Due to a lack of energy intake, bone metabolism will also be affected. In the short term, you might find that you are more prone to injury, but in the long term, your bone health might be affected, especially if you are highly active in endurance sports.
This could lead to osteopenia, where your bone mineral density is below average, and in the long term could lead towards osteoporosis, where your bone is now too brittle. The lack of bone health would of course, shorten the longevity of your sports.
What can I do?
Dealing with the female athlete triad can be simple, yet tricky. If you suspect that you possible have any of the above symptoms, my immediate suggestion will be to consult a physician and a nutritionist/dietitian immediately. This would guarantee the success of getting out of the triad. Meanwhile, these are some immediate steps to work with your healthcare provider.
Measurements and Assessments
You cannot manage what you do not measure. Here are a few test you definitely want to work with your healthcare provider:
- Resting Metabolic Rate Test your metabolic rate
- Nutrition Consultation to understand your energy and nutrient needs
- DEXA Scan to measure Bone Mineral Density
- Blood Panel Test to measure Vitamin D and Calcium
- Ovulation Test
Most of these test require a special lab or a doctor’s assistance and can be hard to gain access to. If you are in Singapore and need any of the above services, send me an email here and I will link you up with the relevant services.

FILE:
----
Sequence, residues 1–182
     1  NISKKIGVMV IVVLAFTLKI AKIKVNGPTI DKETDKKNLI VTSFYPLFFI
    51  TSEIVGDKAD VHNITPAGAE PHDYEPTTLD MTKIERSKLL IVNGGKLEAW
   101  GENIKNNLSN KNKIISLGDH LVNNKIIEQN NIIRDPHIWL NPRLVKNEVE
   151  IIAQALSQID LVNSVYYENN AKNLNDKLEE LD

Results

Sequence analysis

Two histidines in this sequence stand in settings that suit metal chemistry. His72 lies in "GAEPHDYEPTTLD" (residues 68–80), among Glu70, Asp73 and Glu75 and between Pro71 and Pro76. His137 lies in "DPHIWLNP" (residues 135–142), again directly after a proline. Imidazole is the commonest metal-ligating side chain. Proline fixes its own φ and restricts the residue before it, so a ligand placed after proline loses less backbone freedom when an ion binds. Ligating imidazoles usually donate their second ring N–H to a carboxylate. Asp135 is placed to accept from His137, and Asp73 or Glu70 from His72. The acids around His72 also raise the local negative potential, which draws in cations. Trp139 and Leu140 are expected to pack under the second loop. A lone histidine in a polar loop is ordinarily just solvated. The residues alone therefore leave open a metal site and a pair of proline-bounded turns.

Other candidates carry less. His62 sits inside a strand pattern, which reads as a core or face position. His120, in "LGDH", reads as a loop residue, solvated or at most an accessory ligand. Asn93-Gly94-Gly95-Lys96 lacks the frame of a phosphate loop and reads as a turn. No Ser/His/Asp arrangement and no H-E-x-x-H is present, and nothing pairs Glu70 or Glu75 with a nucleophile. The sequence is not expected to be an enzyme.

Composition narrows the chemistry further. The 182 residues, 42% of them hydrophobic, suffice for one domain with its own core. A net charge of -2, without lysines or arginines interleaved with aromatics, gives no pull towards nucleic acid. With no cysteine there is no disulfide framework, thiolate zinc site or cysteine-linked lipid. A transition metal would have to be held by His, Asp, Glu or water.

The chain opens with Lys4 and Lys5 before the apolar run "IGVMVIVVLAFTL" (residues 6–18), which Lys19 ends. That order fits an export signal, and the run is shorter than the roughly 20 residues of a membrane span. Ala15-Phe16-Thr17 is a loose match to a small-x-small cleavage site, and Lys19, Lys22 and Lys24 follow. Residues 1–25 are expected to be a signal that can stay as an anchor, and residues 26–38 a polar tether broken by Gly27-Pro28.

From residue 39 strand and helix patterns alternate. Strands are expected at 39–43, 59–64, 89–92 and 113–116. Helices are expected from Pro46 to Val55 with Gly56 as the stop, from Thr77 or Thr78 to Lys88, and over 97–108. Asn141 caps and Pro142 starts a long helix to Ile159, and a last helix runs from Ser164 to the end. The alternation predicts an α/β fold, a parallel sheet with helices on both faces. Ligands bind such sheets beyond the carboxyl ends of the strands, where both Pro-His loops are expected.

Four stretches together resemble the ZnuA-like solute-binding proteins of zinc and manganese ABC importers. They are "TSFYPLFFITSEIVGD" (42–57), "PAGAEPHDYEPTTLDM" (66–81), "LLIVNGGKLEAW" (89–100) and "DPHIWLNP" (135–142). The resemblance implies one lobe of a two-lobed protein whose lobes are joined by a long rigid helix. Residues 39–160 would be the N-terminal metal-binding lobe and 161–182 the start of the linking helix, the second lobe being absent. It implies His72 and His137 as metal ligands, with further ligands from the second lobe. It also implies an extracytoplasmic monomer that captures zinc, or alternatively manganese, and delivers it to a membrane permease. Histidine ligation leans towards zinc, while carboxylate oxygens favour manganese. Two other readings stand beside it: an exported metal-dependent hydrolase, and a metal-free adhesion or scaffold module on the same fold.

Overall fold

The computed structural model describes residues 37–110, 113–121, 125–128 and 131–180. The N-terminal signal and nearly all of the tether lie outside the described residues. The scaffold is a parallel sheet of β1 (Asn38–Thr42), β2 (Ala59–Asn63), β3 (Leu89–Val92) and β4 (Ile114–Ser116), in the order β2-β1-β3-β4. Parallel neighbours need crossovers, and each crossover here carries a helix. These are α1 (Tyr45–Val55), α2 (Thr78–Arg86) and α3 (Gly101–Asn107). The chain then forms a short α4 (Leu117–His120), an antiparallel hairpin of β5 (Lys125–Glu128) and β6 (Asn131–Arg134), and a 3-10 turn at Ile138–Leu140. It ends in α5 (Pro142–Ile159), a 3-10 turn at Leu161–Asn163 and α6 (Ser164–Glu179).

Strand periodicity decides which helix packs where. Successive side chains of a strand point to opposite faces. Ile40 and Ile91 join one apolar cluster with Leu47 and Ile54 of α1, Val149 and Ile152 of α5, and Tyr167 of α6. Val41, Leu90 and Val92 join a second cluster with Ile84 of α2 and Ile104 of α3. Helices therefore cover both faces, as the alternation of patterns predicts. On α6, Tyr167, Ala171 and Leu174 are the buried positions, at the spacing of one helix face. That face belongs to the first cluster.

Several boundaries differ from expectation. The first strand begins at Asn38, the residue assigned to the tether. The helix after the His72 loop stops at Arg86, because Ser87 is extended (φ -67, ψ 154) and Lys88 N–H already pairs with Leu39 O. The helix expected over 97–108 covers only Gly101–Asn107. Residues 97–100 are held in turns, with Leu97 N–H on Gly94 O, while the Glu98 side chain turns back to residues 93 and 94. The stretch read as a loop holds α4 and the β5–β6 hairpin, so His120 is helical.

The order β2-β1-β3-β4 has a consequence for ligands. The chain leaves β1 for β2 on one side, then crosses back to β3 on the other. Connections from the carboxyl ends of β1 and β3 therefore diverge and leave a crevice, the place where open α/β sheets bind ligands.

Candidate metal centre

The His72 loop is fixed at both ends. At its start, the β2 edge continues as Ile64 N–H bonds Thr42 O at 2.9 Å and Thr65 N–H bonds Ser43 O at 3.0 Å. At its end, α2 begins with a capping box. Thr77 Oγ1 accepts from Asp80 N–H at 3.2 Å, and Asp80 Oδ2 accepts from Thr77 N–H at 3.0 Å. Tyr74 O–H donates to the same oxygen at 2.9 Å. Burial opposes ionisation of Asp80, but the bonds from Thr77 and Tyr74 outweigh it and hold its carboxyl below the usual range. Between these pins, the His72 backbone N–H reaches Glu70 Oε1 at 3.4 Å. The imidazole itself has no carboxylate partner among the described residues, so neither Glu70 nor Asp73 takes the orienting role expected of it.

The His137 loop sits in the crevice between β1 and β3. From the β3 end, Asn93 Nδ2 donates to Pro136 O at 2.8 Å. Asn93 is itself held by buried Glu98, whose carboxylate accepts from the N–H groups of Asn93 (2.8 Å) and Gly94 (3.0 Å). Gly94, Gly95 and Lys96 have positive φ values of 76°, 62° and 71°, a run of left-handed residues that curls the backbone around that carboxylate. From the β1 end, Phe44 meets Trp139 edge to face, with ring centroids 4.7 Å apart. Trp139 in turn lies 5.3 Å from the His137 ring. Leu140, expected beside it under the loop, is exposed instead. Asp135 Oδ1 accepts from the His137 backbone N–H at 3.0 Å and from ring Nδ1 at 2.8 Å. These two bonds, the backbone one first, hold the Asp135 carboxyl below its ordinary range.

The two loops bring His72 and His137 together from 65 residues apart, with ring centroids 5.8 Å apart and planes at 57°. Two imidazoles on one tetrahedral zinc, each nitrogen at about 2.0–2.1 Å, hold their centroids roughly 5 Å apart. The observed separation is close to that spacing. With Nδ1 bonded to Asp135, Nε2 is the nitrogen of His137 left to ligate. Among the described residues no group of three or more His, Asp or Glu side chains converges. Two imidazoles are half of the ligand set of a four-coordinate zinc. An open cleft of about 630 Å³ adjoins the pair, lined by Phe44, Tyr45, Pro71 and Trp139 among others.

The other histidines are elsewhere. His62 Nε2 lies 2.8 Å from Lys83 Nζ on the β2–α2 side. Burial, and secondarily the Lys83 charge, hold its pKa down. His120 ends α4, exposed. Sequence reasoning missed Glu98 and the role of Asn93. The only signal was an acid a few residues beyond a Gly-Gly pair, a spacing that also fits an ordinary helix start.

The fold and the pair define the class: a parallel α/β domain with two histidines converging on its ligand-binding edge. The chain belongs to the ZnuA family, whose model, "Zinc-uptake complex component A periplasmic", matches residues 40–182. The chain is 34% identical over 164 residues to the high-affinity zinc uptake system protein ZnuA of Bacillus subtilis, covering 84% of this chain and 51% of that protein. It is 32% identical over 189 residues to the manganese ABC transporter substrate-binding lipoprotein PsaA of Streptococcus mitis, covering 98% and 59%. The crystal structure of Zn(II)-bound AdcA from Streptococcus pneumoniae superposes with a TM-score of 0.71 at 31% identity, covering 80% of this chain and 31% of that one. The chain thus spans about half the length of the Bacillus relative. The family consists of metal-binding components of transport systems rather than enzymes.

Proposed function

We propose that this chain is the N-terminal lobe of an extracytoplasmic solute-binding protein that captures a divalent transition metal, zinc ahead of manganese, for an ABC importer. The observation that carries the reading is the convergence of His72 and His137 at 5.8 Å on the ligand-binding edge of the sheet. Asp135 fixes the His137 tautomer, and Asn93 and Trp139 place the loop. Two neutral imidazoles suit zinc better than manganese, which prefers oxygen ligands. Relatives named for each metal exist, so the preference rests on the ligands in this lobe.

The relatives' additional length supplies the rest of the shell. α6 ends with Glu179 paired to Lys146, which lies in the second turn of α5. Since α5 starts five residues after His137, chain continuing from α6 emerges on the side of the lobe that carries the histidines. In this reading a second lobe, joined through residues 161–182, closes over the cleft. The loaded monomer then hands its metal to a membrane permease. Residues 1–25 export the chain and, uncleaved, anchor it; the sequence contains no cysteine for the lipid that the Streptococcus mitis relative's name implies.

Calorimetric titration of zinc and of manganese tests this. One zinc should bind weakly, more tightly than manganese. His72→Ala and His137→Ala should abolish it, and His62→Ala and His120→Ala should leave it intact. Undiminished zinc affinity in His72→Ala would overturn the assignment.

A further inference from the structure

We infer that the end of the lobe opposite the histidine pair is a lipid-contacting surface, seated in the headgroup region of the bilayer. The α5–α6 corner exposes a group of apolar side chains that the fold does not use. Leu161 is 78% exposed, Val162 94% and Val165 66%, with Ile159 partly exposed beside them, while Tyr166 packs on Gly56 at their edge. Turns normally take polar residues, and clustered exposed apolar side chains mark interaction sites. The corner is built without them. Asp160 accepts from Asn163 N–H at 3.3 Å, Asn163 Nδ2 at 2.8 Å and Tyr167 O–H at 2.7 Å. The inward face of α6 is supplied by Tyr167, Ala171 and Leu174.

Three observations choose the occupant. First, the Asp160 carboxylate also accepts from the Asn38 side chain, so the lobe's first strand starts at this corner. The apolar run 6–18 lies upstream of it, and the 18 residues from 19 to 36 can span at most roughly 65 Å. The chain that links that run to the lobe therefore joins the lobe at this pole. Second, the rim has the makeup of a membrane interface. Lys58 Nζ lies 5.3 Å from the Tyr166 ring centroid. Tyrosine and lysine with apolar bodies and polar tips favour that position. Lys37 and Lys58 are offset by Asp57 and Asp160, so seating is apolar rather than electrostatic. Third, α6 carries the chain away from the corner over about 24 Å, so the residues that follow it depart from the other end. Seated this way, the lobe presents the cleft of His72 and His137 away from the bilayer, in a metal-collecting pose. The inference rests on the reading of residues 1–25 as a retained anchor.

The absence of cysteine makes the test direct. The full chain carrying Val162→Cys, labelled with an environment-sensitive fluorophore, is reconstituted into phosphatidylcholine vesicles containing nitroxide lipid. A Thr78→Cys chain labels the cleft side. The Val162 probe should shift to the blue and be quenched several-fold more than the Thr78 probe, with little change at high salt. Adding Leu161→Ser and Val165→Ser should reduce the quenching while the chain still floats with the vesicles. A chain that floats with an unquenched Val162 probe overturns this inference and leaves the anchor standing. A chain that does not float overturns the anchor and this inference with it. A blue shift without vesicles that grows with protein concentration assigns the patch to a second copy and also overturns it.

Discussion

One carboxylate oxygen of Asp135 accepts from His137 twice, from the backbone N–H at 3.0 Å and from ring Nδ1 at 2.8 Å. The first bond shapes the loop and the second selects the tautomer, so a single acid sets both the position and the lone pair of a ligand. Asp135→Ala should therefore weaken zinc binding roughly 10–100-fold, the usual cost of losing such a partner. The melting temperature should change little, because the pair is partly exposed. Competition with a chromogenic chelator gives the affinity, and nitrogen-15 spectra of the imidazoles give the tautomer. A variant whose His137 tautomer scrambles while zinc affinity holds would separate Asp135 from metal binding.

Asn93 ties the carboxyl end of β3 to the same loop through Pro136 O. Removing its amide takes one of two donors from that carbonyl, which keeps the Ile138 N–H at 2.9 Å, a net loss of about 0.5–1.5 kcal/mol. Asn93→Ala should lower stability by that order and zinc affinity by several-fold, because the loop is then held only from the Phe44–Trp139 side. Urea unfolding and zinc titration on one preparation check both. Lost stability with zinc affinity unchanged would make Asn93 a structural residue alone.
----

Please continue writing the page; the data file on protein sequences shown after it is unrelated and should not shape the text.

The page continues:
Practical Nutrition Things To Do
As with the assessments, I would highly recommend consulting a nutrition or dietitian if you can.
If you are an endurance athlete trying to figure your way around the female triad and want to work with me, click here, answer the questionnaire and quote “ATHLETETRIAD” on the last question and I will get back to you within 48 hours to schedule a 30 minutes phone call to work with you.
The first thing you want to do is to eat more. Eating more will increase the energy your body can now tap in to perform and therefore allow you to do physical activities as per usual without compromising on other functions in your body.
This would also allow your menstrual cycle to slowly go back to normal and bring your hormonal profiles back to balance. Your bone metabolism will also be restored, reducing the potential of bone related issues.
Best of all, your body will be able to perform during play and still have the energy to support you throughout the rest of the day.
Support Your Bone Health
To support your bone health, you want to make sure that your diet has protein, calcium, vitamin D and vitamin K in it, mainly because these are the major nutrients that makes up your bones.
You will be able to find protein sources from most food including meat, dairy, lentils and legumes. Calcium and Vitamin D sources can easily be found in dairy products like milk and cheese, while vitamin K sources can be found in leafy green vegetables.